Or maybe you are looking for a subtle change by wrapping only your door handles, grille, and mirrors (though it’s worth remembering that it’s an option to Plasti Dip chrome parts).
It can even be as simple as installing decals on the front or rear windshield, rear quarter panels, or pretty much wherever you want on your car.
These customizations are easy and quick compared to wrapping your entire car, making them nearly $300 to $500 cheaper than a conventional full-coverage wrap.
Your Car’s Size and Model
When it comes to the size of your car, two factors determine wrap costs: the length of the material needed, and the amount of skilled labor required.
For instance, if you are looking to wrap a Land Rover, you will require three times the material you would need to wrap a Miata.
Wrap shops account for the attention to detail and time required to fully wrap a car. In some cases, you’ll pay less to have a cargo van wrapped compared to a smaller car because it likely has fewer details and tricky areas for your wrapper to finesse through.
Required Prep Work
This is another part of the wrapping process with two types of costs:
- Costs for cosmetic repair, which you may or may not have to do, and
- Your wrapper’s standard preparations which may vary from shop to shop.
Remember that vinyl isn’t going to hide any blemishes, bumps, dings, or dents.
It adjusts to and highlights all such imperfections, and in most cases, it doesn’t even stick to them properly. So unless your car’s paint is in exceptional shape, don’t expect a wrap warranty.
Carefully inspect your car before taking it to a wrapping service provider, and be prepared to spend anywhere around $200 to $700 on repairing possible bumps and clear coat repair.
You want the surface to be perfectly smooth before the vinyl is installed.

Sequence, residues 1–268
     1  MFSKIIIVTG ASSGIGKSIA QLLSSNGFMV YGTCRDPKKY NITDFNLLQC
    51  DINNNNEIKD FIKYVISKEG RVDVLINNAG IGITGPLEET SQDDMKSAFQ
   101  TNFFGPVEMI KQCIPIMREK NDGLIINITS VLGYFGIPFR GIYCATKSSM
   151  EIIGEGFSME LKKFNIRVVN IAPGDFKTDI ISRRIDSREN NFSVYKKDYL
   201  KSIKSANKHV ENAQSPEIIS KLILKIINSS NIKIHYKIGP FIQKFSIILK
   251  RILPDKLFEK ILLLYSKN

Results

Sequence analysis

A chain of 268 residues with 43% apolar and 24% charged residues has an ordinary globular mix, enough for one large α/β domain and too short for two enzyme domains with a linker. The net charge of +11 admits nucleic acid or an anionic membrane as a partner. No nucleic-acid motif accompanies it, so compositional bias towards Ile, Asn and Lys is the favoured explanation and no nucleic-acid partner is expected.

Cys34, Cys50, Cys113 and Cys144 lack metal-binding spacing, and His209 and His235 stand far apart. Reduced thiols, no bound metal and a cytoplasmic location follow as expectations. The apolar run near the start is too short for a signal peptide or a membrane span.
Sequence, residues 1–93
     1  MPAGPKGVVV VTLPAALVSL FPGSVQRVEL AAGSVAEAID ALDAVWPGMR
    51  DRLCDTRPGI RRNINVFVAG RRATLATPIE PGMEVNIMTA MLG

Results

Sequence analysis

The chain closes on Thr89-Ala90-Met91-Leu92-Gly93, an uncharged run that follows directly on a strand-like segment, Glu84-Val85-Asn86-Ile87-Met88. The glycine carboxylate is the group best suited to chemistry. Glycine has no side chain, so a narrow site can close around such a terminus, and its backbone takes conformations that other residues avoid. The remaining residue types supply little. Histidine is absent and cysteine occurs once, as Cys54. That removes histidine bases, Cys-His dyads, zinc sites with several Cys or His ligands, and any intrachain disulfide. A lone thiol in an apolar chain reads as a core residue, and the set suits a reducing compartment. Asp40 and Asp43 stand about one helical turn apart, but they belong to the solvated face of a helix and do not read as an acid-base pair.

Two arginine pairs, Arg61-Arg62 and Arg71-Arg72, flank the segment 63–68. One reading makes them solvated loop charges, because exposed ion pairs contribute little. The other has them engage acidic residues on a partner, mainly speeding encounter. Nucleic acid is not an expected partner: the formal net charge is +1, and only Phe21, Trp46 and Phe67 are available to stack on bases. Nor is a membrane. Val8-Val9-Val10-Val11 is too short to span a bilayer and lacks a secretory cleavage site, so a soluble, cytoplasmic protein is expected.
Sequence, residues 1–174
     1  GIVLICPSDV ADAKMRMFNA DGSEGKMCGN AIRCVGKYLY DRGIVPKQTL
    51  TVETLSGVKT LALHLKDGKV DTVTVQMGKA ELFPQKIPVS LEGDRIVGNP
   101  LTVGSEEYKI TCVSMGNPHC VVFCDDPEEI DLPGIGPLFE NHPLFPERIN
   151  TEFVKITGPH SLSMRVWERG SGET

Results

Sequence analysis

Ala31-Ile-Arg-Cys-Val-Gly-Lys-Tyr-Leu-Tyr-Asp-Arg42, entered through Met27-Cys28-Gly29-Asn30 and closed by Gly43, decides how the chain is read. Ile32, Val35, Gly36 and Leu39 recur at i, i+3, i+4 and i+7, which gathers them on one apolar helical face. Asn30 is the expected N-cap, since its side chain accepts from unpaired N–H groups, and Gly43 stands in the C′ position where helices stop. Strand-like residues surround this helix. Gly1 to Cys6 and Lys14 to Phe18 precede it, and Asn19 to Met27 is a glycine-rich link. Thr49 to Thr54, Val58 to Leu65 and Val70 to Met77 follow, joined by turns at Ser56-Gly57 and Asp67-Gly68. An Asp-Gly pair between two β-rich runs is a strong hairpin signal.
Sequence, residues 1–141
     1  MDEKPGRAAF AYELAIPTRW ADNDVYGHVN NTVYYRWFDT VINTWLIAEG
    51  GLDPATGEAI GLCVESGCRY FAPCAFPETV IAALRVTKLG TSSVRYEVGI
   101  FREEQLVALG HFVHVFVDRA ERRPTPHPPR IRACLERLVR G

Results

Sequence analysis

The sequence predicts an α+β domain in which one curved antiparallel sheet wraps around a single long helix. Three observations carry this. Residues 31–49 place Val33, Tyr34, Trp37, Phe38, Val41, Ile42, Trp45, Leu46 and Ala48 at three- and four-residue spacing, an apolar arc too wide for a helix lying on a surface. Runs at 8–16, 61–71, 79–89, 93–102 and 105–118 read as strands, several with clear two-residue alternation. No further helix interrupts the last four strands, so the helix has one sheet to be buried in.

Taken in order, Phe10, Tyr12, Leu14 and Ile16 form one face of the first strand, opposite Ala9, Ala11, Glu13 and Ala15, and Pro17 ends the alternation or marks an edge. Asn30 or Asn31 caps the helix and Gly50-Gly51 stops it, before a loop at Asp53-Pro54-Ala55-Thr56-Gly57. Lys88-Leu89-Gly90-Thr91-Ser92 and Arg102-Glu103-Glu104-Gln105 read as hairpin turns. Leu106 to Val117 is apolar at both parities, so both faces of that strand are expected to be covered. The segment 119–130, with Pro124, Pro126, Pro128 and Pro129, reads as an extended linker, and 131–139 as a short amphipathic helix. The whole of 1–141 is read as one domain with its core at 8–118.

The Average Cost of Wrapping a Car Based on Size
Of course, all the factors covered above affect the price of a car wrap, but still, there are average costs and price ranges that can help you map out how much you can expect to pay.
|Compact family car or coupe||$2,000|
|Trucks||$1,500 to $5,000|
|Vans||$3,500 to $5,000|
|Luxury cars||$5,000 to $10,000|
Tips for Proper Wrap Maintenance
Once your car is all wrapped up, you need to pay more attention to the cleaning products you use. It’s best to hand-wash your car using gentle automotive detergents weekly.
Avoid solvents, oil-based cleaners, kitchen & bathroom cleaners, turbo cleaners, orange oil, and engine degreasers as these will likely damage your wrap.
Be wary of bird droppings, insect stains, and tree sap if you park your car outside. Clean them as soon as you see them because left untreated they can damage your wrap.
Excessive prolonged exposure to the sun and the other elements can cause damage (especially in the horizontal areas of your car such as the roof and the hood) to your wrap. Avoid parking outside when possible, and pick shade if unavoidable.
Ask serious enthusiasts about how to modify your car by changing the way it looks and they’ll recommend you not to take the wrapping route.
We have to disagree — if you want to preserve the original paint of your vehicle, or just add more flare and customizations to your favorite car, wrapping is an excellent option.
How much did you pay to get your car wrapped? Let us know by leaving a comment below!